Fatimih Begum Baraghani, Tahirih (The Pure)
|Also Known As:||"Fatima Begum Zarin Tajj Umm Salmih Baraghani Qazvini", "Tahirih Qurra'tul-'Ayn"|
|Death:||Died in Tehran, Iran|
Daughter of Mulla Muhammad Salih Baraghani and Amineh Salehi Baraghani
|Managed by:||Justin Swanström|
About Tahirih the Pure
Fatima Begum Zarin Tajj Umm Salmih Baraghani Qazvini aka Tahirih Qurra'tul-'Ayn. Tahirih (the pure) Qurrat'ul-
Ayn (solace of the eyes). Iranian female poet, firebrand
and Babi religious leader, 1817-1852.
Tahirih, the most well-known woman in Babi-Baha'i history, this gifted poet of nineteenth-century Iran, far from being a dutiful daughter, continually opposed the theological positions of her father, Mulla Salih, a prominent Muslim cleric of Qazvin.
She had received an excellent education in all the traditional Islamic sciences and was able to translate many of the Bab's writings from Arabic into Persian. Despite her background, Tahirih's writings were fiercely anticlerical. Basing her authority on her claim to an inner awareness of God's purpose, she instituted a number of innovations within the Babi community. Claiming that much of Islamic law was no longer binding upon Babis, she refused to perform the daily ritual prayers.
Táhrih exerted a powerful charm and charisma on those who met her, and she was generally praised for her beauty. Contemporaries and modern historians comment on Táhirih’s rare physical beauty. One of her fathers pupils wondered how a woman of her beauty could be so intelligent. Historian Nabil-i-A
zam reports the "highest terms of [her] beauty", Lord Curzon writes "beauty and the female sex also lent their consecration to the new creed and the heroism… the lovely but ill-fated poetess of Qazvín". British Professor Edward Granville Browne who spoke to a great number of her contemporaries wrote she was renowned for her "marvellous beauty". The Shah's Austrian physician also cited her beauty. Abdu'l-Bahá and Bahíyyih Khánum noted her beauty in several talks and writings.
Tahirih's most audacious act was occasionally to appear unveiled in gatherings of believers. To Abbas Amanat, this was probably the first time an Iranian woman had considered unveiling at her own initiative. The circle of women who gathered around Tahirih in Karbila, and later Qazvin, Hamadan, Baghdad, and Teheran, were perhaps the first group of women in those regions to have attained an awareness of their deprivations as women. Yet Tahirih's activities did not represent a woman's liberation movement in the modern sense. For Tahirih, removing the veil was primarily an act of religious innovation. Neither the writings of Tahirih nor the Bab concern themselves with the issue of women's rights as such. Apparently Tahirih experienced the Bab's revelation as liberating, whether or not it addressed itself to the status of women per se.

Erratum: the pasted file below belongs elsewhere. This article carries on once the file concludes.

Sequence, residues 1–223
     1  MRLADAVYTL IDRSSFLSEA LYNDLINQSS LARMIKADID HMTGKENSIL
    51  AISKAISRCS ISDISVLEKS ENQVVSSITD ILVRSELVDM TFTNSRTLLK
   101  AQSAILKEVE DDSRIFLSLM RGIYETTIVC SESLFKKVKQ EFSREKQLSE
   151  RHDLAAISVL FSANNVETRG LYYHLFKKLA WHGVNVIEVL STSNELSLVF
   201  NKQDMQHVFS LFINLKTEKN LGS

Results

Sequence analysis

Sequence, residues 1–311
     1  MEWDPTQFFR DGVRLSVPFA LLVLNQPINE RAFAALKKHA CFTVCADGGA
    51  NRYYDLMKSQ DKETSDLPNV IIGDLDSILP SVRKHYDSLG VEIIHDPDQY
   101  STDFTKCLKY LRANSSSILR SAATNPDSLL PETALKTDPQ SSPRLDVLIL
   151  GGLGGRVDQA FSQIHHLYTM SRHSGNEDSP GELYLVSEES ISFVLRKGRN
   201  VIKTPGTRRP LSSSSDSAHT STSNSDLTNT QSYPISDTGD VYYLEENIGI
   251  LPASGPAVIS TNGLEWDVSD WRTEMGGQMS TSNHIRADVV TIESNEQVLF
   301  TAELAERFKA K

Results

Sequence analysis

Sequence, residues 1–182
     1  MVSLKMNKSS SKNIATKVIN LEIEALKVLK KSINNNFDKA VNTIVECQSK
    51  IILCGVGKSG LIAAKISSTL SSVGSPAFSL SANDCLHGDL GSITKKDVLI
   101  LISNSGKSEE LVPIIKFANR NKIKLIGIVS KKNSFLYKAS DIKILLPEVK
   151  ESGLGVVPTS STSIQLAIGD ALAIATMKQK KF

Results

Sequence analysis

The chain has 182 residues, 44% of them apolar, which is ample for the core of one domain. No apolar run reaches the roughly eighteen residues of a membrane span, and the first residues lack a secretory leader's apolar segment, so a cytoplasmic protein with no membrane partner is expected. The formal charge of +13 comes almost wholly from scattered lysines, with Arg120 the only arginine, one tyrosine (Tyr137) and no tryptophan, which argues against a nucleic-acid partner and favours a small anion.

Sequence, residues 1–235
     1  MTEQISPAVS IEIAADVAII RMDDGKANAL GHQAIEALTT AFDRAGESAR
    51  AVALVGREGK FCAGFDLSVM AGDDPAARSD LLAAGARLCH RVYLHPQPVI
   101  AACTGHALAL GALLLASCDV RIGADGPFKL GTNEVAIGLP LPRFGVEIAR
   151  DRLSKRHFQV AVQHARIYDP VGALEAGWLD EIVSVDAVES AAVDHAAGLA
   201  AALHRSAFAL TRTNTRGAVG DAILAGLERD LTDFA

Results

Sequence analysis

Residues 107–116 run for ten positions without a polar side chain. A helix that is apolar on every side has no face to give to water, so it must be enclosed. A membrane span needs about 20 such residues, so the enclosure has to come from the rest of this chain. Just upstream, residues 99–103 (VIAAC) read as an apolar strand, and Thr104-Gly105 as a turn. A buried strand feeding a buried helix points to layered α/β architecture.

Tahirih's activities created much controversy within the Babi community itself. Many Babis did not view the Bab's revelation as requiring a total break with the past or with Islamic law. They regarded Tahirih's behavior as scandalous and unchaste. For this reason, the Bab gave her the title by which she is now known, Tahirih, meaning the "pure." The opposition of the non-Babi ulama (Islamic clergymen) went much deeper. During the month of Muharram, 1847, Tahirih deliberately excited their reaction by dressing in gay colors and appearing unveiled instead of donning the customary mourning clothes to commemorate the martyrdom of Imam Husayn. She urged the Babis, instead, to celebrate the birthday of the Bab, which fell on the first day of that month.
The enraged clergy incited a mob to attack the house where she was staying. Finally the governor intervened and had Tahirih placed under house arrest before having her sent to Baghdad.
Accompanied by the leading Babi women of Karbila, along with a number of devoted male followers, Tahirih set out for Baghdad, where she continued her activities, offering public lectures from behind a curtain. This aroused further opposition and caused her to be imprisoned in the house of the mufti, or leading Sunni cleric of Baghdad. But she was not tried for apostasy, since the usual penalty for that crime (death) could not be applied to women. Meanwhile, her family in Qazvin was quite disturbed by her activities.
Her unveiling, in particular, led to rumors of immorality. Tahirih's father dispatched a relative to Iraq who induced the governor to order her return to Iran. Wherever she traveled en route, more excitement was raised. In the village of Krand some twelve hundred people immediately offered her their .allegiance.
In Kirmanshah her presence caused such an uproar that the Babis were attacked by a mob and driven out of the city, but not before Tahirih had expounded the teachings before its leading women, including the governor's wife. In Hamadan Tahirih met with both the leading ulama and the most notable women of the city, as well as members of the royal family. On the arrival in Qazvin, her husband, Mulla Muhammad, from whom she had been long estranged, urged her to return to his household. She told him: